But Larry Kudlow, head of the president's National Economic Council, said the administration is sticking with its estimate for growth above 3% this year, believing that low unemployment and solid wage gains will give a boost to consumer spending, which slowed in the first quarter.

Kudlow predicted that the income growth will lead to a rebound in car sales and also help lift housing, which has been struggling over the past year.

"I think the prosperity cycle is intact," Kudlow said in a CNBC interview. "I think the Trump policies are working to rebuild America and people are getting happier and happier."

Consumer spending, which accounts for 70% of economic activity, slowed to growth at a rate of just 1.2% in the first quarter. In particular, spending on durable goods fell at a rate of 5.3%, the biggest decline in a decade, led by a sharp drop in light truck sales.

Government spending was up 2.4% as a big 3.9% gain in state and local spending, reflecting increases in highway construction, offset a flat performance for the federal government. The government estimated that the 35-day partial federal shutdown trimmed 0.3 percentage point from growth in the first quarter after trimming fourth quarter growth by 0.1 percentage point.

For the year, economists believe GDP will expand 2.4%, down from last year's 2.9% gain, as the boost from the 2017 tax cuts and increased government spending over the past two years start to fade.

The consensus view of private forecasters is well below expectations of the Trump administration which contends that its economic policies have broken a decade-long period when GDP gains averaged 2.2% annually. The administration is predicting growth will top 3% in coming years.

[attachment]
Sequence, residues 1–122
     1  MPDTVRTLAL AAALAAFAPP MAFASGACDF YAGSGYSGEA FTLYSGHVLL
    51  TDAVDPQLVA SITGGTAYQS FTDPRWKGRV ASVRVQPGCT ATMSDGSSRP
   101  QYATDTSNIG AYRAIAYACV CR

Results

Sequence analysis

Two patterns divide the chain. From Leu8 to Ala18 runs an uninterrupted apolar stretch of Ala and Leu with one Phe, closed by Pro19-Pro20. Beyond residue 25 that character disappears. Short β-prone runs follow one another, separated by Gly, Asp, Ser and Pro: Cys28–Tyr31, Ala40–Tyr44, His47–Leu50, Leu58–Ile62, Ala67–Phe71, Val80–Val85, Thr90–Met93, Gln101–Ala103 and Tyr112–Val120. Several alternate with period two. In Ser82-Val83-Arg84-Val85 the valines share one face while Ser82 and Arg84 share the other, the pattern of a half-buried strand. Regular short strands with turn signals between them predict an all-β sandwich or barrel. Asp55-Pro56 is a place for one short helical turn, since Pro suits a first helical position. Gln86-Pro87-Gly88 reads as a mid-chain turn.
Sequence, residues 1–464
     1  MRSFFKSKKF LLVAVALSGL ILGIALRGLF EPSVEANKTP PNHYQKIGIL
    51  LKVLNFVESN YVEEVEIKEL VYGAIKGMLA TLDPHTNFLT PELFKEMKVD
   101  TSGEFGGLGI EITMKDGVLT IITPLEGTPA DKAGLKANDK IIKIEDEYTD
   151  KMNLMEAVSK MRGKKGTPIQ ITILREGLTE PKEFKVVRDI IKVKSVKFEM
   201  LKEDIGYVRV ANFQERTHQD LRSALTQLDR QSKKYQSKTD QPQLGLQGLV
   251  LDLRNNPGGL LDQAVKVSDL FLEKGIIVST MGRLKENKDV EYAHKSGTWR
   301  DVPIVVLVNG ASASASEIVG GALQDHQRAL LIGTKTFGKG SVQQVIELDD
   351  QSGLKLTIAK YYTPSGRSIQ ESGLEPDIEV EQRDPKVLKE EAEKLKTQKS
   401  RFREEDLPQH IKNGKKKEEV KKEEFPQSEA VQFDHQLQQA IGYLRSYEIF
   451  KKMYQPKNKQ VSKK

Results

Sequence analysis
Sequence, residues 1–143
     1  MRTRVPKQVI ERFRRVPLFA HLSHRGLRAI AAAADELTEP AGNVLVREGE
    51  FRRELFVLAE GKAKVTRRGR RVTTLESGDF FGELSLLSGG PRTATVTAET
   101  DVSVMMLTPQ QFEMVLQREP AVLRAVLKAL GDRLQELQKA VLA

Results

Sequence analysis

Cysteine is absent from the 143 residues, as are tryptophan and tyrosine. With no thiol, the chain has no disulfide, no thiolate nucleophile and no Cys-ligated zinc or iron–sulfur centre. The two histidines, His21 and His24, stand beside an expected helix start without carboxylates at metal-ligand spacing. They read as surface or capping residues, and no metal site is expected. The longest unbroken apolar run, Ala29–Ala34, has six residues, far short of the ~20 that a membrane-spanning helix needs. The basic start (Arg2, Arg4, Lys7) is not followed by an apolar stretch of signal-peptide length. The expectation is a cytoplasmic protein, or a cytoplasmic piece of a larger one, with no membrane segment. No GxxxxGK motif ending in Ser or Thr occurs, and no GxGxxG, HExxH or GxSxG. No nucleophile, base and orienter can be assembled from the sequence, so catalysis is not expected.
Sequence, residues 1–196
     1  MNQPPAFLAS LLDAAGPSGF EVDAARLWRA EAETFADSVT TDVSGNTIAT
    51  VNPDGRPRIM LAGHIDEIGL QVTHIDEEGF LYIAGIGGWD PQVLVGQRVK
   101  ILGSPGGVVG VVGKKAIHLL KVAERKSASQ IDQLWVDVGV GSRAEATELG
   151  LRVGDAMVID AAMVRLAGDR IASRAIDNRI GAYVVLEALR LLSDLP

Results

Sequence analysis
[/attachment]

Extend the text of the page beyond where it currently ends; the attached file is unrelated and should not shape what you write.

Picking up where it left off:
There are factors that could help lift growth in coming quarters. The global economy appears on better footing, given improvements in such major economies as China, and a trade war between the world's two largest economies that appears closer to being resolved than it did at the start of the year.

Mark Zandi, chief economist at Moody's Analytics, said he expects growth for this year to be around 2.2%, close to the average for the past 10 years.

"We got a temporary boost to growth last year because of the tax cuts but that money has been spent so we are back to the kind of growth we have had," Zandi said. "I think we are back to the 2% world we have been in since the recession ended."

The current recovery from the Great Recession of 2007-2009 is currently the second longest in history and will become the longest if it lasts past June.

But it has also been the slowest in the post-World War II period, a development economists attribute to slower growth in the labor force and weak gains in productivity.